PUEBLO, Colo. -- A leader of an independent commission that
investigated the University of Colorado football recruiting scandal
said the panel was "stabbed in the back" and that coach Gary
Barnett should be fired.
Joyce Lawrence, a former state legislator who was co-chairwoman
of the panel, told the Pueblo Chieftain Tuesday that Barnett and
other athletics department officials never revealed the existence
of a "slush fund" mentioned in a report by a grand jury that
conducted a separate probe. The still officially sealed report was
leaked to the media last week, re-igniting the controversy
surrounding the CU football program.
"We've been stabbed in the back. They knew what we wanted, but
they didn't reveal that to us or to (CU President Elizabeth
Hoffman) at the time," Lawrence said.
"Yes, Coach Barnett needs to be replaced," she said. "The
football and athletic staff knew the (independent commission)
wanted to know about all the money that was going into the program
and they never told us about those cash boxes."
Thousands of dollars from Barnett's football camp went into a
slush fund stashed in "16 or 17" cash boxes, each managed by a
different person with little oversight, according to the grand
jury's findings, which were first reported by The Denver Post and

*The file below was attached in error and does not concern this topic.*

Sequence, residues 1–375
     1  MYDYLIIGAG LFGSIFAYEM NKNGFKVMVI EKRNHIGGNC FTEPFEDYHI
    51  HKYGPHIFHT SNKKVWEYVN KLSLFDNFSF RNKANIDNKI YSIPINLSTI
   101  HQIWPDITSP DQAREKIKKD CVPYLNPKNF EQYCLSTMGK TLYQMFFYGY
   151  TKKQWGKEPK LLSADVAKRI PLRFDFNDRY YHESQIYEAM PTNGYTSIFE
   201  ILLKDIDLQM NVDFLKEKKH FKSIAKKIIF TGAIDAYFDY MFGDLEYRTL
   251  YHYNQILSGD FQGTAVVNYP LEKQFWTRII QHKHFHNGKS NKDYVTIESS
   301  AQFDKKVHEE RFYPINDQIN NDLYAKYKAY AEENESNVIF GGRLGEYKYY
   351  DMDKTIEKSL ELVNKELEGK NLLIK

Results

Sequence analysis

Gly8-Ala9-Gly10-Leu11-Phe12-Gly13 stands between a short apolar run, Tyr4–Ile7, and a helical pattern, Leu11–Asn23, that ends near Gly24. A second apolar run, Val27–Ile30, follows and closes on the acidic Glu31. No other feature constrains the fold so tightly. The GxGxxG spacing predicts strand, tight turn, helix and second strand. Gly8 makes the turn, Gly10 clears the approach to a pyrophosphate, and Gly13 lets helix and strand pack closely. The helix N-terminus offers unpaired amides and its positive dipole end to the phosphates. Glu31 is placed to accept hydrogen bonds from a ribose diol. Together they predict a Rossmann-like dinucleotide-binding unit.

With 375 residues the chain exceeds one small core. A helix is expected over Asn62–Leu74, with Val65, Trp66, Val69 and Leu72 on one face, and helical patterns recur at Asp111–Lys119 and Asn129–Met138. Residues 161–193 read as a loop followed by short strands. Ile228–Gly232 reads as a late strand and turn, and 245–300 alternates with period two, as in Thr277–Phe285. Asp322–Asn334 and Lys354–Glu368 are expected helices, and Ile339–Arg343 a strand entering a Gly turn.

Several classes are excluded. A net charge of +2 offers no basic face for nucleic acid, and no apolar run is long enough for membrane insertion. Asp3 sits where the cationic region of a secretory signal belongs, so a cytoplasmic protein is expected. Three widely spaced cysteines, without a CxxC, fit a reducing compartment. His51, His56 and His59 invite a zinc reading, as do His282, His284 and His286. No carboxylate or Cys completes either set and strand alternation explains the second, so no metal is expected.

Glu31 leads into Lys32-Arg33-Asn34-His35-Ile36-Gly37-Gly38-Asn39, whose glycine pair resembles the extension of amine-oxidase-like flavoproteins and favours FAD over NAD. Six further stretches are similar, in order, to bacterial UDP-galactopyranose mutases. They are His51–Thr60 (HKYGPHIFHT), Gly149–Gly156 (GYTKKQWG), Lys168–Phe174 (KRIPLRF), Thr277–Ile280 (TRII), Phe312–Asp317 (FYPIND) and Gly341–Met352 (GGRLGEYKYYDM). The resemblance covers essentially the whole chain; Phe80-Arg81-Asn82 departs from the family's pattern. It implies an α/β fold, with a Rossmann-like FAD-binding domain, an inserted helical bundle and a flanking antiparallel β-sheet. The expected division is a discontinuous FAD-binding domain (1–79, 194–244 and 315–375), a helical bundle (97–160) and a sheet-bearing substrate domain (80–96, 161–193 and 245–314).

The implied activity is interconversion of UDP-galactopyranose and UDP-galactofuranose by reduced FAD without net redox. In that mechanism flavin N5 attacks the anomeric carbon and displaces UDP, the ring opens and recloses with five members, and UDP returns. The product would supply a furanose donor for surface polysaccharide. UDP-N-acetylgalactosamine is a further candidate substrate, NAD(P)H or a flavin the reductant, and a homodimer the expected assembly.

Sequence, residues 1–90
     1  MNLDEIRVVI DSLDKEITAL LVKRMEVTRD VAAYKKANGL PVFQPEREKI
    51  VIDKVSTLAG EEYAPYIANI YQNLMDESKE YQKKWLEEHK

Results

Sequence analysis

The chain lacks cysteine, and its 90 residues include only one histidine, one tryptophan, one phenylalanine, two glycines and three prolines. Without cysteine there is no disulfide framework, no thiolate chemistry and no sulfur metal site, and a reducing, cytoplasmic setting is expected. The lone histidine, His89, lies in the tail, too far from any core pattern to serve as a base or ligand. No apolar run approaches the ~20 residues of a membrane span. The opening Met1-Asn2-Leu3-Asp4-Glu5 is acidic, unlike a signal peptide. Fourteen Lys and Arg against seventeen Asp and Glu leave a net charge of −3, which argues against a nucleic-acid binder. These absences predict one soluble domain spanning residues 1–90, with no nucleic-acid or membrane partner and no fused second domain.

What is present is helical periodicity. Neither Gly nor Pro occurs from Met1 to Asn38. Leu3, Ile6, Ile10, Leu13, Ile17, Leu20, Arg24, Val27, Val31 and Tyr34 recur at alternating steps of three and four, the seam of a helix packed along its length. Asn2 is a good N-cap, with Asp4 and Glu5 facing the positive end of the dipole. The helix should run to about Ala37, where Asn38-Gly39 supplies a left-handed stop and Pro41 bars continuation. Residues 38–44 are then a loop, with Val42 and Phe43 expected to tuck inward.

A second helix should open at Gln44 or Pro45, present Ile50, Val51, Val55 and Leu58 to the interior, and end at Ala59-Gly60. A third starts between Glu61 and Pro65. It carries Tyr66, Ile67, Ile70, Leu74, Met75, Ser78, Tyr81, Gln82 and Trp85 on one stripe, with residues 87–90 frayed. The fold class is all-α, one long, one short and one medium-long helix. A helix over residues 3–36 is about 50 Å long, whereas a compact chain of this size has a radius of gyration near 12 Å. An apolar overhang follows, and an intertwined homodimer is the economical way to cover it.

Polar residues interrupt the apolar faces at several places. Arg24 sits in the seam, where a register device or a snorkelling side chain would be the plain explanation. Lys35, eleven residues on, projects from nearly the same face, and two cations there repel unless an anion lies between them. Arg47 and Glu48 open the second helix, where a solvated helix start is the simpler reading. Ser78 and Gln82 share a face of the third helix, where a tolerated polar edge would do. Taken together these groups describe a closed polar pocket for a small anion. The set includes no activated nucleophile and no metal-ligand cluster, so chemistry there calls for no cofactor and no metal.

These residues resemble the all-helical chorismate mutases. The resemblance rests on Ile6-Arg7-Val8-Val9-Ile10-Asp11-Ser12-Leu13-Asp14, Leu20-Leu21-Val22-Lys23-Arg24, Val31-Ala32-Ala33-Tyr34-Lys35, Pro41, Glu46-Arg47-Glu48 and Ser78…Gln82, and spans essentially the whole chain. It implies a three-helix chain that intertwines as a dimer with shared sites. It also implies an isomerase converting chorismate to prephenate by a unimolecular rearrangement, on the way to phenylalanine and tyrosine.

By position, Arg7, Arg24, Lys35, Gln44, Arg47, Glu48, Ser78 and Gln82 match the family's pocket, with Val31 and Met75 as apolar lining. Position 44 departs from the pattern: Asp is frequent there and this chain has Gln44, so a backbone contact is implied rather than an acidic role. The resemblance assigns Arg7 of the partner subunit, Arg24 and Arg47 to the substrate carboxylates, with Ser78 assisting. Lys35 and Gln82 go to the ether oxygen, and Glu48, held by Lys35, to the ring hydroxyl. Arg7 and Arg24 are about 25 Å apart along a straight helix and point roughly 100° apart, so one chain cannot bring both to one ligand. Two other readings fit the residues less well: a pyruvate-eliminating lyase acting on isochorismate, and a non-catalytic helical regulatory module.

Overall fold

KUSA-TV in Denver.
"I think it was pretty obvious what we were looking for,"
Lawrence said Wednesday, expressing frustration that the commission
heard nothing of the allegations. "You depend on people to be very
honest with you about how they used their moneys."
Barnett has said he could not comment on the report because of a
judge's gag order. Hoffman cautioned last week that grand jury
reports are one-sided and give their targets no opportunity to
Lawrence said commission member Luis Rovira, a former Colorado
Supreme Court justice, urged the panel "to follow the money."
Rovira said the allegations about the funds didn't surprise him.
"My sense of it is that there's been such funds for years and
years," he added.
Rovira noted that football coach Sonny Grandelius was fired in
1962 following an investigation into allegations that coaches paid
cash to top recruits and their families. The NCAA declared 20
recruits ineligible and CU President Quigg Newton resigned.
Both the independent commission and the grand jury investigated
the football program last year and concluded that some players had
arranged sex, drugs and alcohol for visiting athletes who were
being recruited for the team.
The commission, which was named by the university's governing
Board of Regents, issued a scathing report in May criticizing
Hoffman and others for lax oversight but stopping short of calling
for anyone to be fired.
On Monday, Hoffman announced she was stepping down effective
June 30 or when a successor is named.
The grand jury wrapped up its work in August, indicting one
low-level university employee on charges of soliciting a prostitute
and misusing a school cell phone.